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Knife message not getting through’—police chief

PUBLISHED: 15:58 04 July 2008 | UPDATED: 13:25 05 October 2010

POLICE are setting up a 75-strong task force to stop and search youths carrying knives in London after a senior officer warned the message about carrying deadly weapons was “not getting through.” The move revealed today (Friday) is part of the drive against known gang members

Mike Brooke

POLICE are setting up a 75-strong task force to stop and search youths carrying knives in London after a senior officer warned the message about carrying deadly weapons was “not getting through.”

The move revealed today (Friday) is part of the drive against known gang members.

The new task force is to be used to back up more search operations and increase the Met’s pro-active capability.’

Statistics earlier this week showed the progress being made by the Blunt 2’ operation, which was making an impact on stopping youngsters carrying knives, Deputy Commissioner Paul Stephenson told today’s meeting of the Metropolitan Police Authority’s Co-ordination & Policing committee (July 4).

Some 27,000 people have been searched, leading to 1,200 arrests and 500 knives seized.

“But sadly, two more young people have been stabbed to death in recent days,” said Deputy Commissioner Stephenson.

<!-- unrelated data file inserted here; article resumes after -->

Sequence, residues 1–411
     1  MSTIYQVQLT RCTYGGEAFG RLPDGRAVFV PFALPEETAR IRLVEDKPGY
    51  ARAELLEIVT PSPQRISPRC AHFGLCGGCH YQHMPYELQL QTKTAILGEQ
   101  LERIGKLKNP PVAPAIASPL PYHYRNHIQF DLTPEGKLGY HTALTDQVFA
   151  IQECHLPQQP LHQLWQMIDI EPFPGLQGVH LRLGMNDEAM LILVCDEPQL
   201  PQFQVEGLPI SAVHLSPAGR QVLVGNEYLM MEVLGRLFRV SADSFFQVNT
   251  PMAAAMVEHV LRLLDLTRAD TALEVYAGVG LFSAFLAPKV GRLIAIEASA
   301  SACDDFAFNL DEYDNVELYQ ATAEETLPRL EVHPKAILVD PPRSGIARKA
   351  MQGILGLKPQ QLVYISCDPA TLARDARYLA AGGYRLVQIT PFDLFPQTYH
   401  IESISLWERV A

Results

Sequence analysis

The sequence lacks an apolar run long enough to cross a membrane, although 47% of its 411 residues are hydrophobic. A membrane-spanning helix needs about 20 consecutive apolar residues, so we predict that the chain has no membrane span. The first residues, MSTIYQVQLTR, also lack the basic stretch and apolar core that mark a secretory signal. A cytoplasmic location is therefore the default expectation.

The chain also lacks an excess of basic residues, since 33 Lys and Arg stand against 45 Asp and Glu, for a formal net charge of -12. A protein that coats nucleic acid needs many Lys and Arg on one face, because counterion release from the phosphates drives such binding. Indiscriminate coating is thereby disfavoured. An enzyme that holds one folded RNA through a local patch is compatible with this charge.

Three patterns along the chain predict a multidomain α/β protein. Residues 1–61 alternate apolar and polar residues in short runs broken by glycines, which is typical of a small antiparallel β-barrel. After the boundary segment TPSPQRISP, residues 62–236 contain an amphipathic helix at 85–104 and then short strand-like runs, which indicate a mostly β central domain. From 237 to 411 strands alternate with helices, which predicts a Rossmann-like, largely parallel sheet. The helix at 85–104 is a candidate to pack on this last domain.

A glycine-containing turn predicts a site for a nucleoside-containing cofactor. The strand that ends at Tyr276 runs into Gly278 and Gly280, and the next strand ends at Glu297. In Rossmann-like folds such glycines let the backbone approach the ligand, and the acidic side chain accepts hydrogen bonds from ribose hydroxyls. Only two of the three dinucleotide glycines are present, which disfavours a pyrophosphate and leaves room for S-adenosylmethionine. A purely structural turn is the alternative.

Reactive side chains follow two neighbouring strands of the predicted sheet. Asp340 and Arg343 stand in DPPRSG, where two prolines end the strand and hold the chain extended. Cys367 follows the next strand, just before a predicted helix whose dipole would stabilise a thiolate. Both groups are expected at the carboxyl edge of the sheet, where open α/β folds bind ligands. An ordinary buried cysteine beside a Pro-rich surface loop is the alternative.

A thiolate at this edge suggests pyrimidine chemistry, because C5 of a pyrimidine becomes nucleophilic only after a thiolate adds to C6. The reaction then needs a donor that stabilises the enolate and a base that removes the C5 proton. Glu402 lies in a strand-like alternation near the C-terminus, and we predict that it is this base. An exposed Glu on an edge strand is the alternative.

“Clearly the message is not getting through.

“So we are increasing the police strengths in those boroughs most affected, establishing a dedicated 75-strong Blunt 2 taskforce, to build on the co-ordinated activity already being carried out by all 32 London police borough commands.

“This is being drawn from resources across the Met to increase the drive against known gang members and their associates and increase our pro-active capability in supporting our search operations.”

Fewer people are being cautioned as police are now charging 95 per cent of those arrested where there is sufficient evidence, he revealed.

Senior officers across the capital are now looking at all current police operations to see whether more constables can be diverted to support the drive against carrying knives in areas where the problem is causing most concern.

“Tackling knife crime is the number one priority for the Met at this time,” the Deputy Commissioner added.

“We recognise that our actions impact on all of London’s young people, the vast majority of whom do not carry knives or have any involvement in gangs.

“But we believe we have their support in tackling the scourge of knife crime—as demonstrated by the young people of Islington on Tuesday.

“Our success will be seeing an end to these tragic deaths.

“Everyone is being affected by what is going on and we all have to work together to get the message across that carrying knives has got to stop.”

He pointed out the support from the public, community leaders and local authorities across London for the tactic of using Section 60 powers which have significantly increased the number of youngsters being stopped and searched.

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